"As a consumer Internet service, we don't pursue enterprise certifications such as FISMA, HIPAA, etc. We manage our own servers at a Tier 3 data center (Quality Tech) in Santa Clara, which is itself SAS70 certified. All software and data is managed by Evernote's internal IT/Operations staff.
User data is not publicly accessible (e.g. via search engines) unless a user explicitly publishes one or more of their notebooks, in which case they may be accessed by other users."

https://support.ever...t=6&docID=23794

One can store sensitive material in a non-syn'd local Evernote notebook, which prevents the content getting into the cloud.
If that is not enough; encryption, such as TrueCrypt can be used for maximum security on Evernote.

#10 gazumped

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Posted 24 June 2012 - 10:11 AM

It has been asked before, but nothing ever comes from it.

Your comment makes it sound like Evernote are ignoring requests, but on the contrary they have always pointed out that it's impossible to provide both search and encryption. Since their model is all about finding stored information, that means no automatic encryption. And everyone here has always advocated some degree of care in what you entrust to the Cloud. The choices boil down to: add it, add and password protect it, or store it offline where encryption or otherwise is up to you. As JB says Evernote are quite clear that they're not providing high-security storage. Some choices are down to the user to make.

I use Evernote constantly but don't speak for them.  Opinions here are my own based (more or less) on age,  experience,  and common business sense.  

Evernote read what's posted here,  and take it into consideration setting priorities;  they don't normally comment on individual cases,  or offer any forecasts or promises on whether or when a new feature might be released.  

 

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#11 GrumpyMonkey

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Posted 24 June 2012 - 02:13 PM

Filethisfetch.com is a web service (still in beta) which integrates very well with EN. Essentially, this is a service which lets consumers go paperless by automatically delivering monthly bills, statements and other electronic documents, directly to their Evernote account.
FileThis Fetch, a cloud-based web service, downloads and organizes years of information from household accounts such as banks, credit card companies, insurance companies, brokerage firms, mortgage companies, and phone and utility companies. The information is securely captured regularly and downloaded to Evernote. The way it does this is by creating a new notebook called "File this Fetch" with subnotebooks for every account that you've asked it to retrieve eg: Time Warner Cable, Bank of America, Schwab, Chase, Wells Fargo etc. I was able to find 9 of my accounts in their list and gave it a test drive. Every account transferred about 2 years worth of statements directly to my folders on EN. In every case I used Acrobat to simply merge those statements into one pdf (2010-present) and will now wait for statements to appear one by one whenever they become available (with no effort on my part). I noticed with amazement that filethisfetch is able to retrieve far more statements than I thought possible from various vendors eg: when I go to Citibank I am only give the option to retrieve the last 6 months; but filethisfetch found 39 statements (including all 1099's and other tax documents). For Amazon, they were able to retrieve a statement list of all my purchases for the last 2 years in a very easy to read format (I never even knew that this was available). As of now, not every vendor/institution is on their list and I can only imagine that the list will grow considerably. It's not entirely clear to me how request a vendor to be placed on their list. However, on first blush this is a terrific service for EN users especially if they are paperless or trying to go paperless. Even though it's in beta it worked flawlessly with almost no effort required.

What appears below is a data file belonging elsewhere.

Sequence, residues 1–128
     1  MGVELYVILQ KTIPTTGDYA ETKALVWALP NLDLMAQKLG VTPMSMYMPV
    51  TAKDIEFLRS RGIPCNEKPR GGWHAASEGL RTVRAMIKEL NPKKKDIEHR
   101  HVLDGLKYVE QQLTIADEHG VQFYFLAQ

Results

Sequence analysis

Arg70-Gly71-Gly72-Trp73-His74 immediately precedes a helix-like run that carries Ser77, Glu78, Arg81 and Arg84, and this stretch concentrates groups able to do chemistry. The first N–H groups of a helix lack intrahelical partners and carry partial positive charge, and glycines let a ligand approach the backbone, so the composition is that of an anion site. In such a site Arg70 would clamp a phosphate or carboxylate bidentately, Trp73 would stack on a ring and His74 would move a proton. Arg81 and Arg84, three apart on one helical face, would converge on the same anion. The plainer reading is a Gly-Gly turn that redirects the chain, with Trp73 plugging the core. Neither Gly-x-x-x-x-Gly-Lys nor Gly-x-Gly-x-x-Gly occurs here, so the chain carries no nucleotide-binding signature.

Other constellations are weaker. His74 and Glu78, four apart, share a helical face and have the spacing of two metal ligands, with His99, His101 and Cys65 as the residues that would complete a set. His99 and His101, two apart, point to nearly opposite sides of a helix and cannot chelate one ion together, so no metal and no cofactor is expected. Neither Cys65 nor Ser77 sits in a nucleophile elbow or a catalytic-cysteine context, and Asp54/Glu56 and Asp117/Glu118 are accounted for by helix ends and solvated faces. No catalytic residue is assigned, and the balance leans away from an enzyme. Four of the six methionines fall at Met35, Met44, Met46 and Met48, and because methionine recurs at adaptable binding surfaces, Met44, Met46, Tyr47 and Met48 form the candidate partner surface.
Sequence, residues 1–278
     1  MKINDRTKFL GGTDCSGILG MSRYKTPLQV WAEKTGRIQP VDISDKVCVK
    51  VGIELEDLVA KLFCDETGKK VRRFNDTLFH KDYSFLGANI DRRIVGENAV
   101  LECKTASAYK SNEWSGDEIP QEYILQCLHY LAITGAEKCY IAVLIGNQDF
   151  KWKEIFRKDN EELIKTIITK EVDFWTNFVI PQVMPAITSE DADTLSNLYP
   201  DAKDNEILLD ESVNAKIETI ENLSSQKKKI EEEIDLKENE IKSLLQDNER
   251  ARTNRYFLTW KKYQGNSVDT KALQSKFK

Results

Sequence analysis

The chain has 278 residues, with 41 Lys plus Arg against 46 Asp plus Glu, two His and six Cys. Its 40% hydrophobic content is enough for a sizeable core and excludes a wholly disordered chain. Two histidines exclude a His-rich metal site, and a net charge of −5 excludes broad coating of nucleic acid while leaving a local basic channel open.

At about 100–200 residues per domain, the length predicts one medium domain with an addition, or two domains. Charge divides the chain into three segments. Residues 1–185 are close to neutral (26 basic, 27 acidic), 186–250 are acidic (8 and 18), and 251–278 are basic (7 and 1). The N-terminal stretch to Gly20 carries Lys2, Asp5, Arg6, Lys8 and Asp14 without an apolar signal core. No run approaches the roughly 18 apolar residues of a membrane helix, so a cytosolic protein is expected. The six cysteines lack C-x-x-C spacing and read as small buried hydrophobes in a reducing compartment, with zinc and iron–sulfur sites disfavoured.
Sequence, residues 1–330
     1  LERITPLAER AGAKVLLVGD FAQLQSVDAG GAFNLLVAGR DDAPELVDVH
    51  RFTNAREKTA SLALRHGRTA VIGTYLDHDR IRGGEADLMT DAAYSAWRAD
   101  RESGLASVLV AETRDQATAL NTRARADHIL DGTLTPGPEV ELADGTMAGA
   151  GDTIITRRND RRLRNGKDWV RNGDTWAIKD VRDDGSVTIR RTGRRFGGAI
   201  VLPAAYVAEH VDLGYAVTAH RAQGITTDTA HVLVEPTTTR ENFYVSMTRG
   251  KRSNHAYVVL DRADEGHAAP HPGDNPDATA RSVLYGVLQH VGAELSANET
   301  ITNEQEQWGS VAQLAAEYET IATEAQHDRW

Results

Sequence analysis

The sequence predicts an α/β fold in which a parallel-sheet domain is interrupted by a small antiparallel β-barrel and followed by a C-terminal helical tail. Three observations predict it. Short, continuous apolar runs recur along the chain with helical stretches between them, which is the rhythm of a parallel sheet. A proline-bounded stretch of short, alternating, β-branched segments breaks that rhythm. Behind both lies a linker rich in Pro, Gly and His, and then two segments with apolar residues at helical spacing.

Thanks for posting about this service. It sounds very interesting, and I will look into it.

I know people worry about sharing their passwords (as well they should), but it is no different than what you would do with Mint or any number of other services. It is a risk, and you have to judge whether the rewards of participating are worth it.

#12 jbenson2

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Posted 24 June 2012 - 03:49 PM

I was tempted, but my gut always tells me to shy away from start-ups, until they have been vetted by others.

A few differences between Mint.com and FileThisFetch.com:

Mint has been around since 2006
Intuit bought it in 2009.
Mint has received a variety of industry awards.
Detailed information of program and history mentioned on Wikipedia.